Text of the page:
Being an employer of choice makes a lot of good business sense, and that’s starting to be played out. You can see that with long term companies that have really good brand awareness. Typically if you have really good brand awareness, you have really good employee awareness. So we used to measure at Walmart, and this is a known industry fact, when the largest driver of brand awareness of a customer is the perception of how you treat your employees. If I’m a customer and I think you do not treat your employees very well, I have a negative view of your brand.

It’s the right thing to do from an employer perspective. It’s the right thing to do from a human perspective, creating these environments and creating pathways. But it also makes really, really good business sense. And people are starting to connect those dots more than I’ve ever seen in the last 10 years. 

So being an Employer of Choice is being a company that provides competitive pay, but it’s also providing opportunity. Pay kind of gets people in the door, opportunity gets people to stay.

Opportunity could be learning skills and growing within the company. Being an Employer of Choice is allowing people to climb the ladder and gain responsibility along with pay. Opportunity can also be building a lot of skills to one day leave the company and go on to other things. And that is a different employee proposition, both of which could be Employees of Choice.

It’s a very directive – I’m coming in. I get good pay, but I’m also learning skills. I’m investing in my education. I’m investing in myself, and it’s preparing me to have a better life through future jobs down the road. So pay and opportunity is probably how I would measure being an Employer of Choice.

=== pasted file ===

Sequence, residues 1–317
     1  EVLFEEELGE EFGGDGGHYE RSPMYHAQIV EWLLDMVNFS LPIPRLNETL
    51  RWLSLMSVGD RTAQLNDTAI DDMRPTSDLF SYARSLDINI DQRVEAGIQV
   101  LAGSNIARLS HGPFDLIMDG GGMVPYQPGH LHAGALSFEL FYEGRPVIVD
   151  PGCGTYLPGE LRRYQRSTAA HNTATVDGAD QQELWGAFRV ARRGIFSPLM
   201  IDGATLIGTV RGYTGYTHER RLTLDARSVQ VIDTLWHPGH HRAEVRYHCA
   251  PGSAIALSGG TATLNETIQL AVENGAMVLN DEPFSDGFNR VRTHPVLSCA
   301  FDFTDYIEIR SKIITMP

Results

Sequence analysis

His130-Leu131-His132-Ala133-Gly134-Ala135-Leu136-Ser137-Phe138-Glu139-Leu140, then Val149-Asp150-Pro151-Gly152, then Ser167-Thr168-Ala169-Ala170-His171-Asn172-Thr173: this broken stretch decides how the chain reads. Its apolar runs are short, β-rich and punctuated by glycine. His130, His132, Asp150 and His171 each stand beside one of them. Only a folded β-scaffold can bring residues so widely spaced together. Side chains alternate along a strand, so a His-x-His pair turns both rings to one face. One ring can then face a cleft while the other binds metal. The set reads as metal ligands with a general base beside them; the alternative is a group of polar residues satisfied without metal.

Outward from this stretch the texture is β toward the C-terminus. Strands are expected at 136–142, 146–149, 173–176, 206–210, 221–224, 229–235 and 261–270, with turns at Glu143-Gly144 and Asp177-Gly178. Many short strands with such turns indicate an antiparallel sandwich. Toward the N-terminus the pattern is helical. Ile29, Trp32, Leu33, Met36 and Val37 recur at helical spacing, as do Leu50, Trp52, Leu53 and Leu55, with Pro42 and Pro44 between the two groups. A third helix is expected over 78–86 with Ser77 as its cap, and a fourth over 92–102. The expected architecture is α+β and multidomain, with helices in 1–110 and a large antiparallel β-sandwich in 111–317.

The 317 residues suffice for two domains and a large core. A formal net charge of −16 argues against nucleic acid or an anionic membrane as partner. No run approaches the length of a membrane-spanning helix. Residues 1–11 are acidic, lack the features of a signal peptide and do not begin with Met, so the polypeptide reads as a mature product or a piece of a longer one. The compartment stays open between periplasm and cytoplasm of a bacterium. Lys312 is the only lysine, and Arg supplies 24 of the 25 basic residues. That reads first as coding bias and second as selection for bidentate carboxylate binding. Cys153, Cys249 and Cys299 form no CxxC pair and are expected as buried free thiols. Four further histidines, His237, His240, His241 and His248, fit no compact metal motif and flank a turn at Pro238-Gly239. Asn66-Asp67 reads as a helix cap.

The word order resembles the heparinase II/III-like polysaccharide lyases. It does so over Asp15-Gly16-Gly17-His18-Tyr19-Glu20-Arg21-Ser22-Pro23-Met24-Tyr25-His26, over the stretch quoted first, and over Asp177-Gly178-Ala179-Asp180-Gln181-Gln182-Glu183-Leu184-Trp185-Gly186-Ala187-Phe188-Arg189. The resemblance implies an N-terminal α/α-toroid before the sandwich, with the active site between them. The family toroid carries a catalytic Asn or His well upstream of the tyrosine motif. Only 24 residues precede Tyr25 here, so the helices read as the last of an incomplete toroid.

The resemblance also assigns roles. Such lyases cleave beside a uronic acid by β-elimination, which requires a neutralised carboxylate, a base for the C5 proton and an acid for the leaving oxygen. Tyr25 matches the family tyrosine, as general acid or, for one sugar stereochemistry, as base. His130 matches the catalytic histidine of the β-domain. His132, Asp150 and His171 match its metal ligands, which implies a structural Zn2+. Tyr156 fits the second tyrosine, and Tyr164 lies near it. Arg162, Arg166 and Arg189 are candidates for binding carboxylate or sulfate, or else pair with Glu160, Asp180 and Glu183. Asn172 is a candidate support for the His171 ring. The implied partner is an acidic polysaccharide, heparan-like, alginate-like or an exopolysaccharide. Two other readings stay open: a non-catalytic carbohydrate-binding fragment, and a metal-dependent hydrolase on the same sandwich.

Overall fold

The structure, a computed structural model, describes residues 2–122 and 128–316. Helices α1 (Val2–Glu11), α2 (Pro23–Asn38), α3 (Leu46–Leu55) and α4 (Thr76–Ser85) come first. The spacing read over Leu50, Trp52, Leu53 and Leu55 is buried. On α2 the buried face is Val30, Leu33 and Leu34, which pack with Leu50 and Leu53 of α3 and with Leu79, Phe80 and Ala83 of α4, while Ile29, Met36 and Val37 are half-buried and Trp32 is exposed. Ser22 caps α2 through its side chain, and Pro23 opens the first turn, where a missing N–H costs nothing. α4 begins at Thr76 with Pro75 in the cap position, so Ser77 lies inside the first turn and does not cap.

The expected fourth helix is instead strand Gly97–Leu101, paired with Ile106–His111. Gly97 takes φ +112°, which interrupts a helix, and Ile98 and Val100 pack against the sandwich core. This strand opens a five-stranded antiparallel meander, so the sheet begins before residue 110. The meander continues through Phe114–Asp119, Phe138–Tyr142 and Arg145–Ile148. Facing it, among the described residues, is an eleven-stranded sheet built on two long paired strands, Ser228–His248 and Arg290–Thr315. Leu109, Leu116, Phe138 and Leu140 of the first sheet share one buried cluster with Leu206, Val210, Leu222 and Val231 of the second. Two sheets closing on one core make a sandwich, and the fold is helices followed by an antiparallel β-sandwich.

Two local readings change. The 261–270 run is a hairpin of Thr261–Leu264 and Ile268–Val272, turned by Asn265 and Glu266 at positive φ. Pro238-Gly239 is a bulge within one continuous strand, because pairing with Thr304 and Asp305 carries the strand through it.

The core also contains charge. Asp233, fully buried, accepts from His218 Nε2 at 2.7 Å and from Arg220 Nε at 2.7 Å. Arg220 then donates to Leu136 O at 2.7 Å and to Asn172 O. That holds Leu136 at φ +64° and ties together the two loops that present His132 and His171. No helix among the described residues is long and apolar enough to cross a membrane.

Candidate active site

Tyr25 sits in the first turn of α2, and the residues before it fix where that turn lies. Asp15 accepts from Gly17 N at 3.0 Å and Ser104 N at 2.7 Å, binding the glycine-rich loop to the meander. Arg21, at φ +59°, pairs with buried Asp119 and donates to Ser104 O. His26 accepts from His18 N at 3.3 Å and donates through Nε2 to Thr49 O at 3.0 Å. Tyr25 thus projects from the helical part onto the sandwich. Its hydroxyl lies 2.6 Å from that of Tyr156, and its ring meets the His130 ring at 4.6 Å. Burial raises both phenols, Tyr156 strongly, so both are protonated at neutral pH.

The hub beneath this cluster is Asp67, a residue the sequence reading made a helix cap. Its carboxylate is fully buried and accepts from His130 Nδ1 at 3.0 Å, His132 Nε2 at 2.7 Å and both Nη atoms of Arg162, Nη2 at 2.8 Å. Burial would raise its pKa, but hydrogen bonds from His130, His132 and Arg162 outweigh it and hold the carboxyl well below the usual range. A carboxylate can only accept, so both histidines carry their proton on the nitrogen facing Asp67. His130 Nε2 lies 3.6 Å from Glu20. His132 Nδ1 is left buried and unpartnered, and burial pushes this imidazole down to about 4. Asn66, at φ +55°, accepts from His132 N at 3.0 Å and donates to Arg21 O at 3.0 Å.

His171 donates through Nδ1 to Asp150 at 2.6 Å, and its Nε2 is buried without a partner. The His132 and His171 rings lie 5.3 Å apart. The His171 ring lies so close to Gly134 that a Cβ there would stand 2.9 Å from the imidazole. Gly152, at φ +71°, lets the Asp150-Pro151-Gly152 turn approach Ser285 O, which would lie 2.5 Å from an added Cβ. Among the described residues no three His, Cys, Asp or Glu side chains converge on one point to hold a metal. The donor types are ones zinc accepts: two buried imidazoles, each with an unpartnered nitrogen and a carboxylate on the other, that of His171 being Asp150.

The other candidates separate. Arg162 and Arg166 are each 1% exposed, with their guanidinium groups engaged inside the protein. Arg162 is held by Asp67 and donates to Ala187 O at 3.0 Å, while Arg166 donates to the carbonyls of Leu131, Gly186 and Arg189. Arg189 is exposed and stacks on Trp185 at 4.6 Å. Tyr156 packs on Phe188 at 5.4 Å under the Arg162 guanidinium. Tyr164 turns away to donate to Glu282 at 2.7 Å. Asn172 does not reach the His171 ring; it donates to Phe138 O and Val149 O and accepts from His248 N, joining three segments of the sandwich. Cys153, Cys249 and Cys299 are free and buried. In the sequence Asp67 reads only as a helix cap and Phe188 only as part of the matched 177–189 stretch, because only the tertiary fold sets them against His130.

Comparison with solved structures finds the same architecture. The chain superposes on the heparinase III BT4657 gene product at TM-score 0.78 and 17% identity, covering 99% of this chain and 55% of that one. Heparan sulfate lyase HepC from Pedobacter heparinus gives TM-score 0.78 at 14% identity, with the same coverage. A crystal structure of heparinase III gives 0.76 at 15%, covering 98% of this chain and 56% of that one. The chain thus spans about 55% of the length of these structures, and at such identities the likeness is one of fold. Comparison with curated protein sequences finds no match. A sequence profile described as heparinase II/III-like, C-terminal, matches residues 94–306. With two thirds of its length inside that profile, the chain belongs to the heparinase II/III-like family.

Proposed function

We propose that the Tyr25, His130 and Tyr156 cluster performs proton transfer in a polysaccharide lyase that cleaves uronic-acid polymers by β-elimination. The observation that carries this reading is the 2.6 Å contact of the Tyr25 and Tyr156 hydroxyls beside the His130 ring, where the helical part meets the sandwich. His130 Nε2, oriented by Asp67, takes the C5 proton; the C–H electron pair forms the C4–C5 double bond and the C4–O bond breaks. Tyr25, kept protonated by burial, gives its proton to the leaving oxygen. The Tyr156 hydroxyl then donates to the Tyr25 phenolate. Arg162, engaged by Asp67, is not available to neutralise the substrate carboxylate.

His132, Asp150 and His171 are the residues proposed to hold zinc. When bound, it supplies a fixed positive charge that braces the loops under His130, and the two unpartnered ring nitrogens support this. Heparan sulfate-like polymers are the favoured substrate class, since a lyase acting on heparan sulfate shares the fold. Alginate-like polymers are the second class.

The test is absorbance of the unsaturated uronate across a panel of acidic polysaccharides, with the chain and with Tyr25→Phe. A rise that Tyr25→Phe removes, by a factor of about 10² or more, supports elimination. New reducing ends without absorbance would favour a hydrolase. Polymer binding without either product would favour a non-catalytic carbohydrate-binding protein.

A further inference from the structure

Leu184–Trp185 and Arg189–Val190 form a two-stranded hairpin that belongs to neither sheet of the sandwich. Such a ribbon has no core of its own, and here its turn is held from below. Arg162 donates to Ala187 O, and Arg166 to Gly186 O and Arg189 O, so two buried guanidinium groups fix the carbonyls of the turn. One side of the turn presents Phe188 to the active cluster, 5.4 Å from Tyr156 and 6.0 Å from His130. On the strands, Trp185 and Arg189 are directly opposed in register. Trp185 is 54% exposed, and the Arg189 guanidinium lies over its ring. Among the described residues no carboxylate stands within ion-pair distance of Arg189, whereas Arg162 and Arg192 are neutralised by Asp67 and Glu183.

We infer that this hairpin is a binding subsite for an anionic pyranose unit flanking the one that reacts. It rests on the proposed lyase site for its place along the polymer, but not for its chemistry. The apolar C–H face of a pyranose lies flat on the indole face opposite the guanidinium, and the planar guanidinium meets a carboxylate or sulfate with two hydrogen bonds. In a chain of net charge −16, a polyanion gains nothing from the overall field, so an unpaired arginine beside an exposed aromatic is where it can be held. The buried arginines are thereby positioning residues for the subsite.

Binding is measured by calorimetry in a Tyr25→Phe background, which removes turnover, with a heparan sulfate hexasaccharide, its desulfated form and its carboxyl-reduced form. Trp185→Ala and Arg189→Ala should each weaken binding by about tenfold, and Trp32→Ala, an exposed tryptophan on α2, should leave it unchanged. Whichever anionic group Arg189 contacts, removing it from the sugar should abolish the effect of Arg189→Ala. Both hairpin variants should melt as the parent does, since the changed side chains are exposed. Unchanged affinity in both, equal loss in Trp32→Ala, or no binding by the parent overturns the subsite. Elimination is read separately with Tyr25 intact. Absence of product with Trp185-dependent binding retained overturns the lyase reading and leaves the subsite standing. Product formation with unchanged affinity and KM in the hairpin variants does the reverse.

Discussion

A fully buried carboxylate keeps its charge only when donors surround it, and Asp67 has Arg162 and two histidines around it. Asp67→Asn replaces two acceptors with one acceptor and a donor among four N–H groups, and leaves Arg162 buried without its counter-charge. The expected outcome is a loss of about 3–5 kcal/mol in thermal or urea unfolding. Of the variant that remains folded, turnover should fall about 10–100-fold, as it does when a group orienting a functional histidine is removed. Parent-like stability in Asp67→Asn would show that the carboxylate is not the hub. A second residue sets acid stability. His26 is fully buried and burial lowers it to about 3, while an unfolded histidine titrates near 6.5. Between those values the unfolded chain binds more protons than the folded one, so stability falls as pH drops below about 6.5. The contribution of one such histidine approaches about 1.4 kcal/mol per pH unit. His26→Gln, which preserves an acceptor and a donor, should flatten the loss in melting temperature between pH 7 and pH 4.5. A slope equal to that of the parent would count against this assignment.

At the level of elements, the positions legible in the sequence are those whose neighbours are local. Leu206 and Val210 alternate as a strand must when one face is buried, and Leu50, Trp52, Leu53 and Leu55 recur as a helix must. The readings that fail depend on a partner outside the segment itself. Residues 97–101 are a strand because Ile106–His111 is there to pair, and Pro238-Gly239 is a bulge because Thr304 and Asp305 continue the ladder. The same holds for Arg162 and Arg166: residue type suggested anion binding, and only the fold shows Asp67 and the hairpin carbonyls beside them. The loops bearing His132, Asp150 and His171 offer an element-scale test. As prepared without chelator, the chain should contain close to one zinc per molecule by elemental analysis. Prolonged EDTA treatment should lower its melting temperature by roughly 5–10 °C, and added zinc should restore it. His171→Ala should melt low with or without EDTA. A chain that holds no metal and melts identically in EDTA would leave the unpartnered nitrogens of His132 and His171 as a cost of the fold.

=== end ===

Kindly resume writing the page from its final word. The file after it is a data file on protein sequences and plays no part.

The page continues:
Where do you see the world of hiring going based on your experience and automating that process?

I don’t think anybody knows what this is gonna look like 5 years from now, but I think there’s a couple of trends. One is that individuals want autonomy in their work.  They want to make decisions and to be able to fit their job into their life, not their life to fit into their job. And that’s a trend at all levels, particularly at the frontline. 

Think of Uber, drivers. That kind of stuff is gonna continue to grow. What your W2 employers are gonna have to figure out is how do I create that environment, but in a W-2 status. 

A W-2 employer is going to have to figure out how to compete for those workers and create those environments. And what that means is instant hiring, like Uber. It’s a contractor relationship. They are 100% in control of their schedule. Some of those aspects will come into a W-2 environment, there’s no doubt in my mind. And that’s all driven through technology. Hiring people through an automated way, measuring their performance in an automated way, and having the ability to look across big swaths of workers that could work for five different companies at one time, but are W2. 

Being able to very systematically figure out when those individuals work, what shifts they pick up, what they do, and plan your workforce in that environment, is all gonna be technology driven. 

I think there’s going to be a lot of work done to create that environment for workers today where they have 100% control within that W2 environment. Somebody’s gonna figure that out. I think some companies are trying to figure that out themselves. They’re automating hiring, they’re automating talent development, they’re automating learning. That’s what I spent five years doing at Walmart. It’s clearly the future of workers.

A huge thanks to Drew for sharing his insights with us.

Mark Bell

Mark Bell, VP of Marketing |